Posts Tagged With: Stephen King

Day 431: Why yesterday’s post was so short

Yesterday’s post was shorter than my CBN — Current Blogging Norm.

I’ve written short posts before — like Day 28: Losing the investment in the outcome, Day 68: Barriers to Connection,  Day 85: You’ll figure it out,  and, especially, Day 95: A startlingly brief post (which is, essentially, one line: “We are neither as unimportant or as important as we fear.”) — but not for a while.

Why was yesterday’s post — What I learned at the group therapy conference” — so short? Confidentiality created safety there, so there wasn’t much I could write.  Also, before composing that post, I wrote an email where I took some risks, so I had less time and energy to spare.

Don’t get me wrong: I think brief posts are fine.  Many of the posts I learn from, in the Blog-o-sphere, are short and sweet. Like this, this, and this, which I read here on WordPress, this morning.

And there are many famous sayings about the advantages of brief communications:

“Brevity is the soul of wit.”
― William ShakespeareHamlet

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“I have only made this letter longer because I have not had the time to make it shorter.”
(Letter 16, 1657)”
― Blaise PascalThe Provincial Letters

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“It is my ambition to say in ten sentences what others say in a whole book.”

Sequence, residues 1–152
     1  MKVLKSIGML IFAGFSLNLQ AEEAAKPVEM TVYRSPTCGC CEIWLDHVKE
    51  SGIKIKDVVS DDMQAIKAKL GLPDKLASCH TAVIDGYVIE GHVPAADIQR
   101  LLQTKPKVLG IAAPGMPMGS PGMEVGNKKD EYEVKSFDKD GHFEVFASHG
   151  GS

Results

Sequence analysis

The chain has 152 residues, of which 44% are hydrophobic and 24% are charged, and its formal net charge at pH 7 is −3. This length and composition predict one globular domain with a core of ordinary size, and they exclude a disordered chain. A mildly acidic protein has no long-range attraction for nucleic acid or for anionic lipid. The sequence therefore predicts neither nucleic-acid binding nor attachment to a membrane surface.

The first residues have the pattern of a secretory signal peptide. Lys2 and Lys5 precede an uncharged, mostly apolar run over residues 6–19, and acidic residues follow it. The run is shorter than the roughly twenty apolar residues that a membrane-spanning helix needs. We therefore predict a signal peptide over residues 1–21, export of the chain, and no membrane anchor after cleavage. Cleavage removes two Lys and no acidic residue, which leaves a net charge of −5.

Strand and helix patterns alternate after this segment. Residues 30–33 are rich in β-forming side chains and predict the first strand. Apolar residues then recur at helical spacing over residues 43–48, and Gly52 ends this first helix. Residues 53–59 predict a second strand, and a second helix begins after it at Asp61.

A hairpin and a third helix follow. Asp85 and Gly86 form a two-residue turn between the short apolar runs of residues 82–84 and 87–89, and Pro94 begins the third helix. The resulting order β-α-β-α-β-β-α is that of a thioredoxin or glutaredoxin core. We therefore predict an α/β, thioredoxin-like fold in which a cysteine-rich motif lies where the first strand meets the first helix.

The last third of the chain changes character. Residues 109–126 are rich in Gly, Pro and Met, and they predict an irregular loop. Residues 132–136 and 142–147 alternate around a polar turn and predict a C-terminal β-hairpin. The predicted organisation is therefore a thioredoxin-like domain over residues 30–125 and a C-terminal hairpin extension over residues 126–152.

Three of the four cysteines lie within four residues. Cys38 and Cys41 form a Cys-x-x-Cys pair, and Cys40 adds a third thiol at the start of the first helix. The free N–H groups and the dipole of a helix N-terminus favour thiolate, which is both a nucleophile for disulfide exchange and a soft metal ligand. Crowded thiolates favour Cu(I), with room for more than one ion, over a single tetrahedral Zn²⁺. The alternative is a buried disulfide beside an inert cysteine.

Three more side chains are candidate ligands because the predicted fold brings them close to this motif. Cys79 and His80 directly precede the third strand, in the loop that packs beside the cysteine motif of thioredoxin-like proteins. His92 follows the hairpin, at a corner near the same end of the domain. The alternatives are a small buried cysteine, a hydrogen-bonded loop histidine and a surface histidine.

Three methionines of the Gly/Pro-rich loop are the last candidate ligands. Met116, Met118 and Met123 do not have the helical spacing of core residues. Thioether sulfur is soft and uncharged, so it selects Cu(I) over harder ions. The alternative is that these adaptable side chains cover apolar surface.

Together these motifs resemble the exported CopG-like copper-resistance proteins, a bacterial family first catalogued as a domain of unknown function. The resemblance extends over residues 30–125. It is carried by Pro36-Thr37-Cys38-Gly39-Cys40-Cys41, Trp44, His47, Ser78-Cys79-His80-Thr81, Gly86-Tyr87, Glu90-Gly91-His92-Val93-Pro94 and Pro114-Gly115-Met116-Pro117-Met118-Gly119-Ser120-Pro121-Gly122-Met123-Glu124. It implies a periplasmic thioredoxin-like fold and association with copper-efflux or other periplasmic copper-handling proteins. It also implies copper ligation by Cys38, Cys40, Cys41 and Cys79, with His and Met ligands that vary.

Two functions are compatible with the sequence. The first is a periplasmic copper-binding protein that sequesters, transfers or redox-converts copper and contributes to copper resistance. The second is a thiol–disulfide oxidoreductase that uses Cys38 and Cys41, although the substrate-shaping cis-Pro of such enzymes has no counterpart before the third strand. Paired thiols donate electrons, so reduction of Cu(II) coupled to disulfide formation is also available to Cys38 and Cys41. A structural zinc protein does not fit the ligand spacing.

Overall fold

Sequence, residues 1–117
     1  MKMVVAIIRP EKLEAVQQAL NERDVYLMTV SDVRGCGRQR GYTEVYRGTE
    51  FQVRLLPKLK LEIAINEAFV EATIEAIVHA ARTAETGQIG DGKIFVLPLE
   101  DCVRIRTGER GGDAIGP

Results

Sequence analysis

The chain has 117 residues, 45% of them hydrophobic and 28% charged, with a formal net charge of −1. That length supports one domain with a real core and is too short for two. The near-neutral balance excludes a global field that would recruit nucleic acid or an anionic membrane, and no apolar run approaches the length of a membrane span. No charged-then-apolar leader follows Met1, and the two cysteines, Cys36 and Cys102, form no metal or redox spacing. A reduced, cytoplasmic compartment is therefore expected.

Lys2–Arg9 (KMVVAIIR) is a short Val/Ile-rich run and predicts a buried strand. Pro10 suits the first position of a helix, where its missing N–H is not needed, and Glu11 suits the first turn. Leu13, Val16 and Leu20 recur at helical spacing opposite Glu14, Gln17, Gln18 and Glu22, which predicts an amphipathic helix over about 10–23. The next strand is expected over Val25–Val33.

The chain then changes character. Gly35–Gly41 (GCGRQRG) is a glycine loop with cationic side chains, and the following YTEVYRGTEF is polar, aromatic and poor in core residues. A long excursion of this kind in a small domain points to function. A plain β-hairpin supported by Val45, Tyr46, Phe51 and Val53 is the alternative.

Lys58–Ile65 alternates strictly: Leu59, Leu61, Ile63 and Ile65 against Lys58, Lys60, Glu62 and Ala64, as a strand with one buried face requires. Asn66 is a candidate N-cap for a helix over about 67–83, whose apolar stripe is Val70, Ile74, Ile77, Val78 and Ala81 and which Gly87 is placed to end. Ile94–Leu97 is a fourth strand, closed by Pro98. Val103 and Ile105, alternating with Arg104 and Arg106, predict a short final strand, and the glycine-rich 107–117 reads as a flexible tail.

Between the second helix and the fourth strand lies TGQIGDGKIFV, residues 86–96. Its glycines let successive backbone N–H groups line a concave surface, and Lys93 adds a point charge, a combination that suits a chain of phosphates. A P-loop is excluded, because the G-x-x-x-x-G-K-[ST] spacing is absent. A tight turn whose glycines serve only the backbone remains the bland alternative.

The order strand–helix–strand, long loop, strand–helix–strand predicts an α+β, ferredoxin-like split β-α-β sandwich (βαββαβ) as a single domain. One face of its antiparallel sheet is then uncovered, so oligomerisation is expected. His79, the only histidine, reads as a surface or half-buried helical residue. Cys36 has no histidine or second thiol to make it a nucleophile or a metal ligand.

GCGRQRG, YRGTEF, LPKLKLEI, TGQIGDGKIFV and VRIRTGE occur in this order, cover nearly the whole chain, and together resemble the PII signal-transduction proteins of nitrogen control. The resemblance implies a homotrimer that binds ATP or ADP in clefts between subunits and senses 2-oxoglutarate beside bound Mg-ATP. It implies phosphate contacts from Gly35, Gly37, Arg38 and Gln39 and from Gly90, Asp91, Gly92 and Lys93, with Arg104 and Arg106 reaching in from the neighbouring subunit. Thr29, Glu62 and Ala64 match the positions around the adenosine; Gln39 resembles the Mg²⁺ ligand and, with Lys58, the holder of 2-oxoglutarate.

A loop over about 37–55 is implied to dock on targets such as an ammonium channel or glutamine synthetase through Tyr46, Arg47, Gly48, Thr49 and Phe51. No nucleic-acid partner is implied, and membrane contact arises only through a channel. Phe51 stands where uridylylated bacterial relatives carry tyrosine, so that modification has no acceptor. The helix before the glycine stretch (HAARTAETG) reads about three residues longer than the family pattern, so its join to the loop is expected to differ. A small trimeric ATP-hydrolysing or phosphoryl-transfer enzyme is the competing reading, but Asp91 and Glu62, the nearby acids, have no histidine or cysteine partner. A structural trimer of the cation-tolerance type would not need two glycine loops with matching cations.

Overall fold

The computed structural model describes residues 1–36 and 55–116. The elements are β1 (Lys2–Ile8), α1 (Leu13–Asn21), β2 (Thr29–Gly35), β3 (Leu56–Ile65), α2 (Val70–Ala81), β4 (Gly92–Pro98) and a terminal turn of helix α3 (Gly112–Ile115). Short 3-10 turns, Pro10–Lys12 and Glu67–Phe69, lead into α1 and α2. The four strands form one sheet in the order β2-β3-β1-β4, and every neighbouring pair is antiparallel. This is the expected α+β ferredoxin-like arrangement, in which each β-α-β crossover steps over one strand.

― Friedrich Nietzsche

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“The secret of a good sermon is to have a good beginning and a good ending; and to have the two as close together as possible.”
― George Burns

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“Be sincere, Be brief, Be seated.”
― Franklin D. Roosevelt

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“Like all sweet dreams, it will be brief, but brevity makes sweetness, doesn’t it?”
― Stephen King11/22/63

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“Writing is 1 percent inspiration, and 99 percent elimination.”
― Louise Brooks

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“A novel is just a story that hasn’t yet discovered a way to be brief.”
― George Saunders

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(thanks to Goodread, for the quotes and the images)

Here’s the soul of irony: This post can NOT be brief, now that I’ve included so many quotes about brevity.

So what else do I want to write, before this becomes a novel? How can I make the beginning and the ending of this “sermon” as close as possible?

While it may be too late for the latter, here are some final thoughts, for today:

That email I sent yesterday was one where I took some risks. I:

  1. wrote to somebody I admire,
  2. was authentic, and
  3. asked for help.

For me, that might be the very definition of a risky email.  I haven’t heard back, as of this writing.  Now, I’m waiting, to see if I get a response.

If I don’t, am I still glad I sent the email?

Yes.

Look what I did, right there, dear readers.   I was sincere, brief, and seated.

Thanks to President Roosevelt, to the other admirable advocates of brevity in this post (including A Small Act of Kindness, lead.learn.live, and Find Your Middle Ground),  and to you, for reading today.

Categories: inspiration, personal growth | Tags: , , , , , , , , , , | 27 Comments

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